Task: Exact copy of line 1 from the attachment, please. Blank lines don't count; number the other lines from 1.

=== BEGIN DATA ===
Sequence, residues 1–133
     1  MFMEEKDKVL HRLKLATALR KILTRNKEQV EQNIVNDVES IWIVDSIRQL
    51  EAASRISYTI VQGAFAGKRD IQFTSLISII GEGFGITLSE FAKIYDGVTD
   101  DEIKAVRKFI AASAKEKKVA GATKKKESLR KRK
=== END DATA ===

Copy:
Sequence, residues 1–133